On Global Stocktake:

The need for stronger, “1.5°C aligned” NDCs by early 2025 is clear, yet the lack of observed ambition from many countries is deeply concerning.  The window for achieving this critical target is rapidly closing.

The discussions during the GST Annual Dialogues were, frankly, disappointing.  While some countries cited national political limitations, others linked their lack of ambition directly to the issue of climate finance – they need those resources to implement truly impactful goals. This underscores the importance of the “Mission 1.5°C” initiative, but it needs clearer guidance.  The Troika leading this mission has its work cut out for them –  defining what “1.5°C aligned” means in practical terms for translating the Global Stocktake findings into concrete NDC plans is crucial. Also, the blocked negotiations on the Mitigation Work Programme (MWP) were a frustrating roadblock. Detaching the MWP entirely from the Global Stocktake and NDCs seems counterproductive.  Finding a way to unblock these talks and allow for progress on concrete energy transition strategies is essential.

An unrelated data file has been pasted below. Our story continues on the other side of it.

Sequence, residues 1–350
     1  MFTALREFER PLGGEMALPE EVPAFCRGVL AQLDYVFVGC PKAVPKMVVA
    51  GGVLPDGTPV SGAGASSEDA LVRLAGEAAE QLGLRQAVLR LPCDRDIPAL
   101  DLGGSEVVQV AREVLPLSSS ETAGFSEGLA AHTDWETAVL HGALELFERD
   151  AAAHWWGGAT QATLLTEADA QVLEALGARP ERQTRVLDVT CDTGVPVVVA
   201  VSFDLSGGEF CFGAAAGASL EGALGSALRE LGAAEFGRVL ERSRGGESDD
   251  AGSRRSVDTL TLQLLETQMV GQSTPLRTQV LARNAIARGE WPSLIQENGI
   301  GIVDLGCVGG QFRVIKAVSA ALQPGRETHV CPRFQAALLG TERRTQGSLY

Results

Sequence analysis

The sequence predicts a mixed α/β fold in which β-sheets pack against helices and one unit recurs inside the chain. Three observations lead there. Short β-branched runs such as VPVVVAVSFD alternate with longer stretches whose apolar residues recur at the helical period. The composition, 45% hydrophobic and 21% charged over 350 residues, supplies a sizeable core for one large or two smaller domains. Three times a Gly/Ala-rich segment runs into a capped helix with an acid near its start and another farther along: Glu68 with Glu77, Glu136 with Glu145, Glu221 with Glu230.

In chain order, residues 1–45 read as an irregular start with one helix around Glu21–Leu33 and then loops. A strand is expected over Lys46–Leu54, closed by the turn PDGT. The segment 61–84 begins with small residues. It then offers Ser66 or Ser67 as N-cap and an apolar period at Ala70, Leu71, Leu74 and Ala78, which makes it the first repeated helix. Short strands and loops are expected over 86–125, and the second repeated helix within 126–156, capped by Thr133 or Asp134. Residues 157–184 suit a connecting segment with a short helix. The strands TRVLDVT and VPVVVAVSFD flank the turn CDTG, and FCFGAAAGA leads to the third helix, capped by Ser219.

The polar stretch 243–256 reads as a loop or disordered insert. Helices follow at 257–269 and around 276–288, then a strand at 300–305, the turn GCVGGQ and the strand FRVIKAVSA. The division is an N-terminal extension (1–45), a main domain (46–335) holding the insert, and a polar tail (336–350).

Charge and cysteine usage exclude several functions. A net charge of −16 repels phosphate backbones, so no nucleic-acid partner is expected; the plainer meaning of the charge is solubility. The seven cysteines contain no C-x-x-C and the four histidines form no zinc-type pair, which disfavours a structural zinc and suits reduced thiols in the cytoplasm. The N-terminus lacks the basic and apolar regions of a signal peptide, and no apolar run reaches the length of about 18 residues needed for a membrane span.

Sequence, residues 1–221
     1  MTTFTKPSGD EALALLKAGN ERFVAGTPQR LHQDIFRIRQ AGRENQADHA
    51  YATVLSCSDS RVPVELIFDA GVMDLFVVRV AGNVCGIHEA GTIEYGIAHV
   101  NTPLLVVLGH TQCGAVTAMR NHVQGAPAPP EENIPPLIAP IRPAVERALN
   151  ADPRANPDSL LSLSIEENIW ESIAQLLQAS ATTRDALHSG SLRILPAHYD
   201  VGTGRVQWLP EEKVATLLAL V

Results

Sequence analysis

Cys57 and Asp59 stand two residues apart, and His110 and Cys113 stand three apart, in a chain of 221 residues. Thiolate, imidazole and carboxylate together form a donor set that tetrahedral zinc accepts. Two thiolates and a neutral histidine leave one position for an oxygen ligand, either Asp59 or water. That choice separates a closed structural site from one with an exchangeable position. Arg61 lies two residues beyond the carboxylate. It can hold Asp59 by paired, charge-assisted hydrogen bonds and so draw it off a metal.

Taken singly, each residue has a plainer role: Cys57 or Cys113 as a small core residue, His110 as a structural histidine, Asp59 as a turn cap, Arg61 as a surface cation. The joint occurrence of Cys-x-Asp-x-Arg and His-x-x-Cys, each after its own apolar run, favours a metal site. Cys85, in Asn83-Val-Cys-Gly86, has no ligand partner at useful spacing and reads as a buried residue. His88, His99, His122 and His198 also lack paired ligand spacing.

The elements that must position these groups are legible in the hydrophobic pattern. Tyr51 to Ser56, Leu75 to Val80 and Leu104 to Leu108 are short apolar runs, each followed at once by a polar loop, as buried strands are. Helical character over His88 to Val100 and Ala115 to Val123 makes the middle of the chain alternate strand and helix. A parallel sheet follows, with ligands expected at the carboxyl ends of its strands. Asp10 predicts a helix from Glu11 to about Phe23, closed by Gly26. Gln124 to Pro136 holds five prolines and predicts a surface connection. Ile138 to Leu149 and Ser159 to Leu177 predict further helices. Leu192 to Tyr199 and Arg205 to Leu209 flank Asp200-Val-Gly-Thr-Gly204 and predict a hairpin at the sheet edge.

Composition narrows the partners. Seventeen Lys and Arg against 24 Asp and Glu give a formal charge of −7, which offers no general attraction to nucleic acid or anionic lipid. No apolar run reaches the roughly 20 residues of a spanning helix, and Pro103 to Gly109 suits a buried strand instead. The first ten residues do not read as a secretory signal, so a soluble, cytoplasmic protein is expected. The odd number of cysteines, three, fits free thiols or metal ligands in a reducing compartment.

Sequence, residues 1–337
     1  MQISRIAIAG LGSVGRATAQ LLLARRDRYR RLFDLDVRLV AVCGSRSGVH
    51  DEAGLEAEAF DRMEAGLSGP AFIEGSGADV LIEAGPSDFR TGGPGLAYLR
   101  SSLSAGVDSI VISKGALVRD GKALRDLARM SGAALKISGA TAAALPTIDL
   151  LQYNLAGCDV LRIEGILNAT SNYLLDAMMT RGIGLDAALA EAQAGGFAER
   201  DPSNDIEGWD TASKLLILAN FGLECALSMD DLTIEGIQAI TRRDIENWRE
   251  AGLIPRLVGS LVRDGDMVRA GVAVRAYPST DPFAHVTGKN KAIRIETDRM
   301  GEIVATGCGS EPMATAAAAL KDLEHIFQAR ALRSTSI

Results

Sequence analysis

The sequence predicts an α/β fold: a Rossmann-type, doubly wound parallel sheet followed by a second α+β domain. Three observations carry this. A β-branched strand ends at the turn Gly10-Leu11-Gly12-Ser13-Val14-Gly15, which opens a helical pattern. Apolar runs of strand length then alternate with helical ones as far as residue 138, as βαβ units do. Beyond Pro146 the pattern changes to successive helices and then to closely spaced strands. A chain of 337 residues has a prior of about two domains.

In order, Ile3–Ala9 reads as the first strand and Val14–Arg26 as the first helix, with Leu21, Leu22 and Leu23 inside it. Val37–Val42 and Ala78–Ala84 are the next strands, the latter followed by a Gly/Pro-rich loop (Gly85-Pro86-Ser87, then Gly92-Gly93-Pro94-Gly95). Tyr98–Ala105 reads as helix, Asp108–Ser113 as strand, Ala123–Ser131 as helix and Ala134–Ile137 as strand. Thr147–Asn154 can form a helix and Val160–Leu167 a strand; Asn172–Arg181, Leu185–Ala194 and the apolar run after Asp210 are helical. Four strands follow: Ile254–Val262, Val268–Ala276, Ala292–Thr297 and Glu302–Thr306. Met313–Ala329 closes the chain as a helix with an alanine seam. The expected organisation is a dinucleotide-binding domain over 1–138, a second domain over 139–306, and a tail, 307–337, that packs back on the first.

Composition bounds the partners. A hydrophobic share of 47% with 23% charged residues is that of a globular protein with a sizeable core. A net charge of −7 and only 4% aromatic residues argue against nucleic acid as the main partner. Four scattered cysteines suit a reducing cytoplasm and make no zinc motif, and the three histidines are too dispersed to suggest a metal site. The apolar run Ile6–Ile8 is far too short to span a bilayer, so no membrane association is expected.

On Adaptation (this is the track I have been closely following): National Adaptation Plans (NAPs) and Global Goals on Adaptation (GGA) 

Only 58 of 142 developing countries have submitted their National Adaptation Plans (NAPs) with UNFCCC on the necks of the others to submit theirs. While the key emphasis was on submission, we left Bonn with a hollow victory and the negotiations on measuring global adaptation efforts resulted in a compromised text. While in the negotiation room, I witnessed developing countries lamenting the lack of strong language on means of implementation. The tactic played by developed nations extended to watering down references to core principles of the convention, essentially those acknowledging their responsibility to provide finance due to the climate crisis they’ve driven. This blatant omission stings especially when the need for increased adaptation funding is undeniable, with the very survival of humanity and countless ecosystems hanging in the balance.